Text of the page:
“Margaret. No it’s not.” I don’t remember what we were arguing about, but I remember this part, “Margaret, do you think you’re smarter than me?”
It was just a rhetorical question, one that I think all parents ask once their child reaches a certain age. I was brushing and fixing Margaret’s hair before school; she was in 5th grade at the time. I saw the face she made because we were in front of a mirror–side eyes, pursed lips, slightly raised eyebrows.
She did think it. The question hadn’t reminded her of her place as the child. She honestly looked annoyed that she had to deal with my parental idiocy.
“Margaret,” I spun her to face me, and asked again…sincerely this time, “Do you? Do you REALLY think you’re smarter than me? Really?”
“Maybe a little.” Her honest answer at 11 years old. She shrugged slightly and made a similar face again, but this time there was maybe a tiny bit of sympathy for me too. After all, I had just been forced to learn the truth. Meet Margaret.
Margaret Tracy Elizabeth, born on December 2, 2001. She’s 14 now; she’s had to live with the unfair conditions that her mom will never be her intellectual equal for years now. She finally told me when she was 11, but she had known it long before then.
“Can I just sleep on the floor next to your bed?” Margaret doesn’t do sappy. Her question surprised me.
My due date with Clara (my 4th daughter) came and went. The next morning would be 5 days past my 40-week mark.
Today had been an emotional day…lots of labor for several hours in the morning, and then it all just…stopped. I had all my girls with a midwife, all water births except for Margaret. So if I was past my due date, I had to just wait it out. Home birth is so special and intimate, and I wouldn’t have it any other way…but it can be very emotionally-taxing too.
“Are you sure you want to sleep on the floor, Margaret?”
“Yes.” She was already down there.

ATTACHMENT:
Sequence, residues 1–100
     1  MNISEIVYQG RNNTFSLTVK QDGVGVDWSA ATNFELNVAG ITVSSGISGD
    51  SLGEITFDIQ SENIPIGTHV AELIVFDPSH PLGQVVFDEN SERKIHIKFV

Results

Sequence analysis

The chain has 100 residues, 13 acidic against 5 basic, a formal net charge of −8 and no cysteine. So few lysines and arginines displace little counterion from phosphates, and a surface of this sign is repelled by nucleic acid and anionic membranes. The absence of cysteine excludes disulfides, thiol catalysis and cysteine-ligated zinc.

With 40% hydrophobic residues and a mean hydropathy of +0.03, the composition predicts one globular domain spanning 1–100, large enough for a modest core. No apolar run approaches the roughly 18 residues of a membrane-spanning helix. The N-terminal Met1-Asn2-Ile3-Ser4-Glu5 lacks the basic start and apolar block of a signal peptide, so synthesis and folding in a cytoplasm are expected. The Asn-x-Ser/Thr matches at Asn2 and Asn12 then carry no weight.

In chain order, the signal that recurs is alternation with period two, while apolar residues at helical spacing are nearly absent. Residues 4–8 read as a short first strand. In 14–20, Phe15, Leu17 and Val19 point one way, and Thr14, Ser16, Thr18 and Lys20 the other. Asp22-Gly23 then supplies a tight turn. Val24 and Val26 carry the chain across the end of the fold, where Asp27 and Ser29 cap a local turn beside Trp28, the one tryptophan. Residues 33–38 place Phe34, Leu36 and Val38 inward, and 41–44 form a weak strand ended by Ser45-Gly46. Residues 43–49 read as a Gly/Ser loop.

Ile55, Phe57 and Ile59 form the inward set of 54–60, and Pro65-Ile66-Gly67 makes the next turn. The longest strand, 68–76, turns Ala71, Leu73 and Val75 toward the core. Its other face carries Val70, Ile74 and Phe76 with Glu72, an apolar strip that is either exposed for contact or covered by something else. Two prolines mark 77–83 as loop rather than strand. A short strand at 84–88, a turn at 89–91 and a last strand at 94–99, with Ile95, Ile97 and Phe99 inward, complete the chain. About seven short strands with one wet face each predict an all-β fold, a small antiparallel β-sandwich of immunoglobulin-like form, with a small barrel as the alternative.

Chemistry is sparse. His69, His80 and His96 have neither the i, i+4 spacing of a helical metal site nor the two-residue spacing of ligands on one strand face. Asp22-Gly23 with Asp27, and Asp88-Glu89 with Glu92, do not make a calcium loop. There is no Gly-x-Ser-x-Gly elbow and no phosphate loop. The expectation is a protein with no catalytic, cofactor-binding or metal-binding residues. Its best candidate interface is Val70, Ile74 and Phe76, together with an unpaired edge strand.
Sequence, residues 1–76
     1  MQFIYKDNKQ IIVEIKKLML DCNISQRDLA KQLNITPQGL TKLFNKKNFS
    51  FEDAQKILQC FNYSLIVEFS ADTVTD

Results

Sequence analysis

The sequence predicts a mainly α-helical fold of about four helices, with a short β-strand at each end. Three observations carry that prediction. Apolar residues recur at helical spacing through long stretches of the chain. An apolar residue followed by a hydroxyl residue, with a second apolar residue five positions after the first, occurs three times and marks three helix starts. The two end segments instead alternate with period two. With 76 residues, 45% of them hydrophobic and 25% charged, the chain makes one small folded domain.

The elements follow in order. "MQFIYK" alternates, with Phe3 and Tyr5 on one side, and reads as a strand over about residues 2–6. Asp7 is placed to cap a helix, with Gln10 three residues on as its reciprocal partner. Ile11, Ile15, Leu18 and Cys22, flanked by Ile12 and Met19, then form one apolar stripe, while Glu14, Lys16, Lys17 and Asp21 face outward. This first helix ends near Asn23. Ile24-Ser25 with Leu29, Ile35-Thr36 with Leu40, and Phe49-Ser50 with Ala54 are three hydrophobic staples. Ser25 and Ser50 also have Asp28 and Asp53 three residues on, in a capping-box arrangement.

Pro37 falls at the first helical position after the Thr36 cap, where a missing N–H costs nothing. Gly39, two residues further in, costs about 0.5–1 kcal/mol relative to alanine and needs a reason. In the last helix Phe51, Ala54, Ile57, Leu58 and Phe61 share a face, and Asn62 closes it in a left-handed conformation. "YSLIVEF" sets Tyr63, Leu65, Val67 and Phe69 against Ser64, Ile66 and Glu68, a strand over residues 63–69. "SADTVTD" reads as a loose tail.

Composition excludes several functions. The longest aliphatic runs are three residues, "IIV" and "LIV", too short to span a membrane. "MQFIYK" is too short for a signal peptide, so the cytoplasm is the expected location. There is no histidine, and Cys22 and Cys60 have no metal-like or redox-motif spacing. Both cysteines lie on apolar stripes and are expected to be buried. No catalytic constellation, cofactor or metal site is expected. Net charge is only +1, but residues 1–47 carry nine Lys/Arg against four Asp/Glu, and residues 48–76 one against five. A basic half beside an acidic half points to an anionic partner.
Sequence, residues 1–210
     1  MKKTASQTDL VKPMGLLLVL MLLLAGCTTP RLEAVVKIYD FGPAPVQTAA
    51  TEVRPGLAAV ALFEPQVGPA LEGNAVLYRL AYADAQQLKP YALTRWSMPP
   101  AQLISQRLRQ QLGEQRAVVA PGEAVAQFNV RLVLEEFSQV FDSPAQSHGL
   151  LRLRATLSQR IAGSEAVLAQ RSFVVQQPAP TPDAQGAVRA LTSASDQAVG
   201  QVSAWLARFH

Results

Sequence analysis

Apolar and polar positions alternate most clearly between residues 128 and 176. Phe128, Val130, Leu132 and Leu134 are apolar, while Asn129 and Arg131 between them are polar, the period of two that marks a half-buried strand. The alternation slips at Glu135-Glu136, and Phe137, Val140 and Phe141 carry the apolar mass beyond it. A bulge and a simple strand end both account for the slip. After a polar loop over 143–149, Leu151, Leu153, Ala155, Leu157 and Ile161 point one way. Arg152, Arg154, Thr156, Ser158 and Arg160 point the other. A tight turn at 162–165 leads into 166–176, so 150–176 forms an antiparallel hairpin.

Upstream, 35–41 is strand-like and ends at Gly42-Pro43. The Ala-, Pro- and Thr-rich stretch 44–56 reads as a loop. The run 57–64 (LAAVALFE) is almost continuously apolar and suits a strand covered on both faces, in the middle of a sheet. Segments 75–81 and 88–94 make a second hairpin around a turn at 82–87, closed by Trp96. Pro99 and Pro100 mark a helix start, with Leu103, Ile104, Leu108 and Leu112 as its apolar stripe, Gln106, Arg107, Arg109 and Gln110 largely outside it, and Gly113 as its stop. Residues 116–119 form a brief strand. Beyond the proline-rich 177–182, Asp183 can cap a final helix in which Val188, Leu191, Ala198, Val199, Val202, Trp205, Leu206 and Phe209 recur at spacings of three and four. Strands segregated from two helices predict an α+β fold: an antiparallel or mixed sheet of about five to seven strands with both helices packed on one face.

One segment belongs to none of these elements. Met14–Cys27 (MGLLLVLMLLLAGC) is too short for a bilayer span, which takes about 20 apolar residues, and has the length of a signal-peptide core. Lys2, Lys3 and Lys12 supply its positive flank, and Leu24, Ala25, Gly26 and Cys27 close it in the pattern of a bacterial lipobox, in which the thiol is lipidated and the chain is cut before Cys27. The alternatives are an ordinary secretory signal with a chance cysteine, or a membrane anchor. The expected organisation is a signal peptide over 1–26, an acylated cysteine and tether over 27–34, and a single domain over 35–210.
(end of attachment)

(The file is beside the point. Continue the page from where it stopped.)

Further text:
Margaret called the midwife from my phone at 2:16am. I had Clara at 3:12am. When I woke, the labor was already so intense, I couldn’t have made the phone call myself.
Margaret must have known somehow that I needed her in there, being that she is smarter than me and all.
Or maybe, just maybe, she loves me.
Margaret didn’t make cheerleading or drill team when she tried out last year in 7th grade. I was completely shocked. She was way better at everything than I had been in school, and I was in cheer for 2 years.
“I didn’t make it.” I watched her open the email and swallow her emotions.
“Are you serious?!” I took the phone and scanned the list; she must have missed her name on it. It wasn’t there.
She was a statue, slowly processing.
“Hey…it’s okay, Margaret. I know TONS of cool people, most of them were never cheerleaders.” I wrapped my arms around her. I heard maybe 2 sniffles, then she backed away.
“Yeah I don’t want to do this.” Just like that with Margaret. She is in control of her emotions. She decides she’s not going to waste time crying, and she can make it stop happening.
“Lynde made drill team. Can I go stay the night and celebrate with her?”
Margaret’s maturity has impressed me so many times over the years. Maybe she is smarter than me. Were you ever a little girl? Did you ever need me?